Oil pioneer Algy Cluff said the North Sea is on the cusp of a renaissance after heralding his company’s plans to divert more of its resources to the area.
Mr Cluff said Cluff Natural Resources had already made rapid progress in developing its five conventional oil and gas licences in the southern North Sea, aided by a collaborative agreement with energy service giant Halliburton.
And CNR’s early decision to halt spending on its Kincardine UCG project had freed up more funds for its North Sea assets, which have “demonstrated significant gas potential”.
In issuing his clarion call, Mr Cluff said the North Sea was one of best places in world to be an exploration company, given the level of infrastructure and knowhow that is available, and the “opportunities” thrown up by the low oil price.
“There are opportunities opening up to secure resources on favourable terms – we are adopting that attitude,” he said. “The North Sea is due for a renaissance.”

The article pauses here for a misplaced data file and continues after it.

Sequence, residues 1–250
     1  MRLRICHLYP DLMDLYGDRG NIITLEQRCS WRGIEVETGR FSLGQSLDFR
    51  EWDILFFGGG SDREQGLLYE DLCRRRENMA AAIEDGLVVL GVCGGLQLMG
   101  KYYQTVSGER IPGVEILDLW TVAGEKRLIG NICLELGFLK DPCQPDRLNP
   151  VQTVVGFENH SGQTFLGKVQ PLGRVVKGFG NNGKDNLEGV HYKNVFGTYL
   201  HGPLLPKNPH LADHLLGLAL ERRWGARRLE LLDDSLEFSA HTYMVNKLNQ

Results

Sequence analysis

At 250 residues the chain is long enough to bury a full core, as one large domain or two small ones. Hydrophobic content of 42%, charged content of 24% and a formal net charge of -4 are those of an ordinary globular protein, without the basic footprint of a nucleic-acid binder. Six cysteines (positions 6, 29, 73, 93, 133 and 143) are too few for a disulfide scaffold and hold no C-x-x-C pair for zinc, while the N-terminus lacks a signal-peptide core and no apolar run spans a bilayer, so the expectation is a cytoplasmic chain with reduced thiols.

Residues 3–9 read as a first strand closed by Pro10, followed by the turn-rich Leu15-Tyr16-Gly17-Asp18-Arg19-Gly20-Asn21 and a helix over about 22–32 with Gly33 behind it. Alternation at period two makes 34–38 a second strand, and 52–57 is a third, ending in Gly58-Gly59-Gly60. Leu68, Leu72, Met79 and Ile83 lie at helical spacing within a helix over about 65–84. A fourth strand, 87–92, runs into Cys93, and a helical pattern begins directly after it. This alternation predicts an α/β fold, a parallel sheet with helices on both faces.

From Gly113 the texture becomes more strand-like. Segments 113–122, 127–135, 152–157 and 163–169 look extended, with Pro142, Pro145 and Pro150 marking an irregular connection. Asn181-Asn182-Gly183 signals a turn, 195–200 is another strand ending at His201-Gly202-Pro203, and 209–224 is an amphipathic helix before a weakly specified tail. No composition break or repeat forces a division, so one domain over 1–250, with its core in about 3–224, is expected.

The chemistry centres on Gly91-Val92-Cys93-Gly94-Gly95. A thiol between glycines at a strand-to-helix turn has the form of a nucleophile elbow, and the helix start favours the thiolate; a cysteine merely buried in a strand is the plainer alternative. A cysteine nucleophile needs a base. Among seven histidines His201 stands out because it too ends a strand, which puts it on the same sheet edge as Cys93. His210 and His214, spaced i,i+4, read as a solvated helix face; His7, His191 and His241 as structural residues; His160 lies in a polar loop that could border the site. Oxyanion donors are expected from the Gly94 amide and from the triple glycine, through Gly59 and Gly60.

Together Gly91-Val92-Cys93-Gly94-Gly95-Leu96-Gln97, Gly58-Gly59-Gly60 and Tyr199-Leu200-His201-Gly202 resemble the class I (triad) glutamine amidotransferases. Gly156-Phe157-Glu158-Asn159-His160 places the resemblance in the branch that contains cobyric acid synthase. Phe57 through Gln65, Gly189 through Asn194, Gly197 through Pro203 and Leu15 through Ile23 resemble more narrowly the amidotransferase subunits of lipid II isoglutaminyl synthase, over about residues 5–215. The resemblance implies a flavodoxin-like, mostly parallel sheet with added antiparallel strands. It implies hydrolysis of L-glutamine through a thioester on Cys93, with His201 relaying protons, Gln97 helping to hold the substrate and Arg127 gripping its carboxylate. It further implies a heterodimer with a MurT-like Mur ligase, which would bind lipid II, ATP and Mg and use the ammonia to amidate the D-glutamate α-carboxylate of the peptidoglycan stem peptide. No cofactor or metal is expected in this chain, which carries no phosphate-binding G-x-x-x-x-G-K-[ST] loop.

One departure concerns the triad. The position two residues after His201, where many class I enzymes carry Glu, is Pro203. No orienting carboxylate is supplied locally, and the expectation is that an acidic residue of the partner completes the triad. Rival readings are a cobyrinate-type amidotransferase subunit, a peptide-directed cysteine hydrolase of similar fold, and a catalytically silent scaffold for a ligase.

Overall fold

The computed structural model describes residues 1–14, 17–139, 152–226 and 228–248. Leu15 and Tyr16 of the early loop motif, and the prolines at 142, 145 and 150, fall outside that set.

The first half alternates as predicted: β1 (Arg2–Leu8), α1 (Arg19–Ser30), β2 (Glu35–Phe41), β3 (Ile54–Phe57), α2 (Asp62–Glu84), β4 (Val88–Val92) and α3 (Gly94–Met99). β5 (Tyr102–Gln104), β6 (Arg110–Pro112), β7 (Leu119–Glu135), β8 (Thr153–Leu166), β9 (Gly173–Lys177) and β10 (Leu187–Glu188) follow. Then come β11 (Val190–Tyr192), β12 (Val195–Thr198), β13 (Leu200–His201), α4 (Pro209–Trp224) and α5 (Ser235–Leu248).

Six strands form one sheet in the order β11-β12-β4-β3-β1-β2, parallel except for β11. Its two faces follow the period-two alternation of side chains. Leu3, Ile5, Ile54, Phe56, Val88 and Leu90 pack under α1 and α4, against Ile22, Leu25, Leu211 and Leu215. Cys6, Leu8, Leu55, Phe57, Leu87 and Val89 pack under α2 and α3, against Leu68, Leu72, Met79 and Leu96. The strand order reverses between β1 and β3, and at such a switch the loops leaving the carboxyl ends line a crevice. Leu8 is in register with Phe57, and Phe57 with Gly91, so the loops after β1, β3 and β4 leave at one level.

Mr Cluff also said North Sea industry’s cause would be helped by the UK Government introducing its own version of a Norwegian scheme which provide companies with a 78% rebate on exploration costs.
Such a move would reenergise the North Sea, he said, adding that the cost to the exchequer would be of no consequence when stacked up against the income that would be raised from production.
Cluff has also insisted plans for underground coal gasification (UCG) in Scotland are not dead in water after his company decided to move its “primary focus” away from Firth of Forth.